even Western-style warfare brought defeat. It is hardly surprising that
so many were willing to listen to voices telling them that the old Islamic
ways were best and that their only salvation was to throw aside the pagan
innovations of the reformers and return to the True Path that God had prescribed
for his people.
The Struggle of Fundamentalists against
Secularism and Modernism
ULTIMATELY, the struggle of the fundamentalists
is against two enemies, secularism and modernism. The war against secularism
is conscious and explicit, and there is by now a whole literature denouncing
secularism as an evil neo-pagan force in the modern world and attributing
it variously to the Jews, the West, and the United States. The war against
modernity is for the most part neither conscious nor explicit, and is directed
against the whole process of change that has taken place in the Islamic
world in the past century or more and has transformed the political, economic,
social, and even cultural structures of Muslim countries. Islamic fundamentalism
has given an aim and a form to the otherwise aimless and formless resentment
and anger of the Muslim masses at the forces that have devalued their traditional
values and loyalties and, in the final analysis, robbed them of their beliefs,
their aspirations, their dignity, and to an increasing extent even their
There is something in the religious culture
of Islam which inspired, in even the humblest peasant or peddler, a dignity
and a courtesy toward others never exceeded and rarely equalled in other
civilizations. And yet, in moments of upheaval and disruption, when the
deeper passions are stirred, this dignity and courtesy toward others can
give way to an explosive mixture of rage and hatred which impels even the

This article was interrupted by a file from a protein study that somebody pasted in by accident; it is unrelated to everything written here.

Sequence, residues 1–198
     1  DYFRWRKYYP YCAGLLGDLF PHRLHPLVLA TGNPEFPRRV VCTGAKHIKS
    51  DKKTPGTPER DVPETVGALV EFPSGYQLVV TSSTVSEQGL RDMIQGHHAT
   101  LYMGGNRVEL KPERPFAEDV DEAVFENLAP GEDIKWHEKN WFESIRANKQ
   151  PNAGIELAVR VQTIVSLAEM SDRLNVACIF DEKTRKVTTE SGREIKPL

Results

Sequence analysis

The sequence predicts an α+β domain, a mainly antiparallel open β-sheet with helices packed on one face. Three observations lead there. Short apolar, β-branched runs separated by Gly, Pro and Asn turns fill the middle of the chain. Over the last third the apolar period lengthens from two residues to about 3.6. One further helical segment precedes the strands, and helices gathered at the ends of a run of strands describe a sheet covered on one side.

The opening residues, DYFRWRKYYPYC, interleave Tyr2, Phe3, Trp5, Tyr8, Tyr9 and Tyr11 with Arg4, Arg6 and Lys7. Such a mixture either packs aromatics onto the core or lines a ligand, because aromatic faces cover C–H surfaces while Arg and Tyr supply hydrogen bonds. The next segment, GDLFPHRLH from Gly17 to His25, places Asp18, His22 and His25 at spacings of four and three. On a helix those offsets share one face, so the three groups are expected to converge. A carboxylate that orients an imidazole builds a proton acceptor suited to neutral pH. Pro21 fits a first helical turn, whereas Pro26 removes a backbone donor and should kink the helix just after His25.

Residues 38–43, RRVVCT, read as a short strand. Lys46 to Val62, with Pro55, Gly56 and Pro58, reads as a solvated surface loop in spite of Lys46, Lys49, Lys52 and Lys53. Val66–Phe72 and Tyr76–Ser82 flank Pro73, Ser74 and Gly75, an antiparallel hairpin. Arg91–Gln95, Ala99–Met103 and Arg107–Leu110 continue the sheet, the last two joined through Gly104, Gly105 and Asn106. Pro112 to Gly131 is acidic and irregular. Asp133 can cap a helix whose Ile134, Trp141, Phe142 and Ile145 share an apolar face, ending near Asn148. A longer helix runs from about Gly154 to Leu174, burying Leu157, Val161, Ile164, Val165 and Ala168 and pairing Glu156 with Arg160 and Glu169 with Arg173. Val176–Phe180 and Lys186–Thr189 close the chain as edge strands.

government of an ancient and civilized country -- even the spokesman of
a great spiritual and ethical religion -- to espouse kidnapping and assassination,
and try to find, in the life of their Prophet, approval and indeed precedent
for such actions.
The instinct of the masses is not false
in locating the ultimate source of these cataclysmic changes in the West
and in attributing the disruption of their old way of life to the impact
of Western domination, Western influence, or Western precept and example.
And since the United States is the legitimate heir of European civilization
and the recognized and unchallenged leader of the West, the United States
has inherited the resulting grievances and become the focus for the pent-up
hate and anger. Two examples may suffice. In November of 1979 an angry
mob attacked and burned the U.S. Embassy in Islamabad, Pakistan. The stated
cause of the crowd's anger was the seizure of the Great Mosque in Mecca
by a group of Muslim dissidents -- an event in which there was no American
involvement whatsoever. Almost ten years later, in February of 1989, again
in Islamabad, the USIS center was attacked by angry crowds, this time to
protest the publication of Salman Rushdie's Satanic Verses. Rushdie is
a British citizen of Indian birth, and his book had been published five
months previously in England. But what provoked the mob's anger, and also
the Ayatollah Khomeini's subsequent pronouncement of a death sentence on
the author, was the publication of the book in the United States.
It should by now be clear that we are facing
a mood and a movement far transcending the level of issues and policies
and the governments that pursue them. This is no less than a clash of civilizations
-- the perhaps irrational but surely historic reaction of an ancient rival
against our Judeo-Christian heritage, our secular present, and the worldwide
expansion of both. It is crucially important that we on our side should
not be provoked into an equally historic but also equally irrational reaction
against that rival.
Copyright © 1990 by Bernard Lewis.
All rights reserved.
The Atlantic Monthly; September 1990;
The Roots of Muslim Rage; Volume 266, No. 3; pages 47 - 60.